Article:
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Understanding Wheel Corrosion and Ways to Prevent It

Many people value the aesthetic value of wheels, but wheels also play an important role in aiding the vehicle's mobility. Wheels endure extreme conditions including rough terrain, heat, cold, and intense friction and are therefore prone to corrosion. Understanding corrosion can help you take care of your wheels better and maintain a good-looking vehicle.
Knowing Cost of Vehicle Corrosion 
Corrosion, also known as oxidation, occurs when iron, oxygen, and moisture interact through an electrochemical reaction, resulting in rust. Rust can proliferate when metal is exposed to weather elements and chemicals. Oxygen and water can easily corrode the rim and wheel and accelerate wear and tear of the vehicle's tire.

Rust particles may also clog valves in the wheel and transmission system, resulting in potentially costly damage.

In the US, drivers spend up to $3 billion each year to repair rust-induced damages with each repair incident costing up to $500. The cost of repairing more than one corroded wheel can add up quickly.
Knowing Types of Wheels 
The type of material that wheel contractors build wheels from affects its proneness to corrosion. The two main wheel types are steel and aluminum alloy.

Steel
Steel wheels are basic, inexpensive, and are mostly in low-budget vehicles. Steel rims are, however, heavier and more prone to oxidation.

Aluminum 
Most cars come with aluminum alloy wheels or a mixture of aluminum and magnesium wheels. Aluminum is more resistant to oxidation but reacts adversely to iron.
Determining Causes of Wheel Corrosion 
Common causes of wheel corrosion include pitting, iron contamination, and cleansers.

Pitting
Steel and alloy wheels can succumb to corrosion when the factory clear coat peels off. Weather elements and curb damage can compromise the clear coat, exposing the underlying metal to air and water. This causes pitting, which can diminish the look of the wheels and cause tire leaks.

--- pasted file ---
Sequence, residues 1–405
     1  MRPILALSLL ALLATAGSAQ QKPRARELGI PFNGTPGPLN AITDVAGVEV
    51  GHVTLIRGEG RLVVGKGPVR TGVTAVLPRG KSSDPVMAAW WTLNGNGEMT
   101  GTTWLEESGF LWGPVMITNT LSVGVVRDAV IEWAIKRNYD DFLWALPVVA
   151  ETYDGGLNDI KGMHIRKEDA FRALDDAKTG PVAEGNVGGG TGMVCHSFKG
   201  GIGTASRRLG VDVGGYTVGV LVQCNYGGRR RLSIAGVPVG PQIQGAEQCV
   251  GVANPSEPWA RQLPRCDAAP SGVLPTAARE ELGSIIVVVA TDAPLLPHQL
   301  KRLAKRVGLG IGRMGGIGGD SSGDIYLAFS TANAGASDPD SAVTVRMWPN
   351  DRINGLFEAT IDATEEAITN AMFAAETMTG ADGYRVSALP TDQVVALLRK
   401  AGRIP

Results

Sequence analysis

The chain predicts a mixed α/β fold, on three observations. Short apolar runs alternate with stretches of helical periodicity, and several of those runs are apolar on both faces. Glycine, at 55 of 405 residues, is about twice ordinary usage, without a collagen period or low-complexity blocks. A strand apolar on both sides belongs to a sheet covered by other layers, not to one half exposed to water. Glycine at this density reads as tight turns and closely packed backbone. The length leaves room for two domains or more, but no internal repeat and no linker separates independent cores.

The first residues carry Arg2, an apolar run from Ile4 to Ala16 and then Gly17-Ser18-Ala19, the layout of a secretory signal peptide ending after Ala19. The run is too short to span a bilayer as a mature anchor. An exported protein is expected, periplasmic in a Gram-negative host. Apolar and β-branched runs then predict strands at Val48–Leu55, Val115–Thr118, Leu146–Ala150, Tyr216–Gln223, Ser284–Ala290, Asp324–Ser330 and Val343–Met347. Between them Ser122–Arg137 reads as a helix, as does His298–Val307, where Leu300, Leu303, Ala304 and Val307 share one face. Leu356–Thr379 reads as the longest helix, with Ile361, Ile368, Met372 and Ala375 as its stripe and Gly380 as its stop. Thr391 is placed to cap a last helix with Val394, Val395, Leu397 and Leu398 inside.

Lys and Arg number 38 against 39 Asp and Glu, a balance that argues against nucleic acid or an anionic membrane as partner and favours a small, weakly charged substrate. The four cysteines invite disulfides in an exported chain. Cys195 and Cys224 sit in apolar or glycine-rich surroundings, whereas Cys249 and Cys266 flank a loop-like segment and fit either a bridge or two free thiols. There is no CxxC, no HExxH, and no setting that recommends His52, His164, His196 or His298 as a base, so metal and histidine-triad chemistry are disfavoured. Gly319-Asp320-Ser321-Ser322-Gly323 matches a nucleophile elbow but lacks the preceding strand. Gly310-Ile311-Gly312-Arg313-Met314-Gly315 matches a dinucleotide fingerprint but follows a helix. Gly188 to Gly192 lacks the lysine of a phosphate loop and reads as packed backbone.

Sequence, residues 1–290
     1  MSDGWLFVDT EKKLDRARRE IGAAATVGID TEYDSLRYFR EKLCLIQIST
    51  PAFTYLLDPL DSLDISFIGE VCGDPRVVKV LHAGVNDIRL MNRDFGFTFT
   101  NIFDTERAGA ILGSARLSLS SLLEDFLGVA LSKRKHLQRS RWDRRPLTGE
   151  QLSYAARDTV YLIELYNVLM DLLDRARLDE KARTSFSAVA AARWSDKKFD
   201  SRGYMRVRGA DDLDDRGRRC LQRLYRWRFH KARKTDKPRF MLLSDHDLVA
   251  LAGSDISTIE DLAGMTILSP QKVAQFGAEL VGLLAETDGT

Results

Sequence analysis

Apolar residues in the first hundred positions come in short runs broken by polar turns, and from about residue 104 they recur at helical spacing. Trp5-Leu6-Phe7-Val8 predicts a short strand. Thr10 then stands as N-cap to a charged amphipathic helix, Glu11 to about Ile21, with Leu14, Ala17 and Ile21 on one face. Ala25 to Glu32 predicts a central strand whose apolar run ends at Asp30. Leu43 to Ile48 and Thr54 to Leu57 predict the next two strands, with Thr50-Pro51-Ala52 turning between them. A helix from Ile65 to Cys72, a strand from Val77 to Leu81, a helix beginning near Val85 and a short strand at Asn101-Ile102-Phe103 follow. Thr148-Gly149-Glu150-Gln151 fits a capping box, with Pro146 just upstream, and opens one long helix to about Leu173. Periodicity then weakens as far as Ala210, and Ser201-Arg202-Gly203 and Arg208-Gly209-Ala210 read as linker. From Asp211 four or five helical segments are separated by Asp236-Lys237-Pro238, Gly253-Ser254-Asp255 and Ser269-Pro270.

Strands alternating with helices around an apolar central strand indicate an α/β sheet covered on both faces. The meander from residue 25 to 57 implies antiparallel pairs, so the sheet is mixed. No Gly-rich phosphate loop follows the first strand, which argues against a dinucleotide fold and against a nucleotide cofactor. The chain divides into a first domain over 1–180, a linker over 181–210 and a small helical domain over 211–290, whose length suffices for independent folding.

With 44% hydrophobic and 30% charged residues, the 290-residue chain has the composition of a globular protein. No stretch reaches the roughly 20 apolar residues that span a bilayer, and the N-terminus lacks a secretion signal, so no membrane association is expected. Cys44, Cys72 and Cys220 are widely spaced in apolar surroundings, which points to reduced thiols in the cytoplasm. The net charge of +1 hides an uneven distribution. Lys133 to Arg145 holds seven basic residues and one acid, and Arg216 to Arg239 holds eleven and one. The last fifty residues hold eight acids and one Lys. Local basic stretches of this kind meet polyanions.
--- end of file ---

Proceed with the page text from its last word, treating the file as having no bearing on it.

Iron Contamination 
Iron contamination from the braking pad can cause corrosion in aluminum alloy and steel wheels. When the braking pad and the brake disc interact, this generates heat that gradually wears off the pad.
The disintegrating braking pad throws off hot deposits that end up sticking on the rim. These metal and resin particles can significantly affect the look and life of your alloy rims.

Ideally, you should have a professional remove the iron deposits off your wheels regularly to avoid severe pitting. If left unmanaged, extreme pitting would require a wheel-refinishing job to restore the luster of your wheels.

Cleansers
While many people use acid-based cleansers to clean their vehicle wheels, the cleansers can strip away the factory clear coat when left on the wheel for an extended period, resulting in oxidation. Therefore, you should consult a professional.
Caring for Your Wheels 
To slow down corrosion, be sure to properly clean, polish, and plate your wheels.

Cleaning
Clean your wheels regularly to prevent iron contamination or accumulation of brake dust. Use a pH balanced cleanser that will not strip away the wheel's clear coating.

Polishing
After thoroughly cleaning your wheels, select a polish that is suitable for your specific wheels. A good polish will minimize the appearance of scratches and increase shine.

Plating
Consider having a professional electroplate your wheels using common plating metals such as chrome, zinc, nickel, and others. Plating adds to your wheel's aesthetic value and minimizes the effects of oxidation.

Corrosion-related damage to your vehicle can be costly. Preventative measures such as plating, painting, and finishing may seem like additional expenses, but these measures are worth the cost in the end.

At Platinum Surface Coating, we have the experience, expertise, and tools to spruce up your wheels with innovative chrome plating and metal polishing techniques. Get in touch with us today to learn more about our services.

Contact Information

Platinum Surface Coating
1179 N. Fountain Way
Anaheim, CA 92806

Phone: 714-495-2604
Phone: 714-603-7758
Fax: 657-230-9377

Business Hours:


Closed, Sunday

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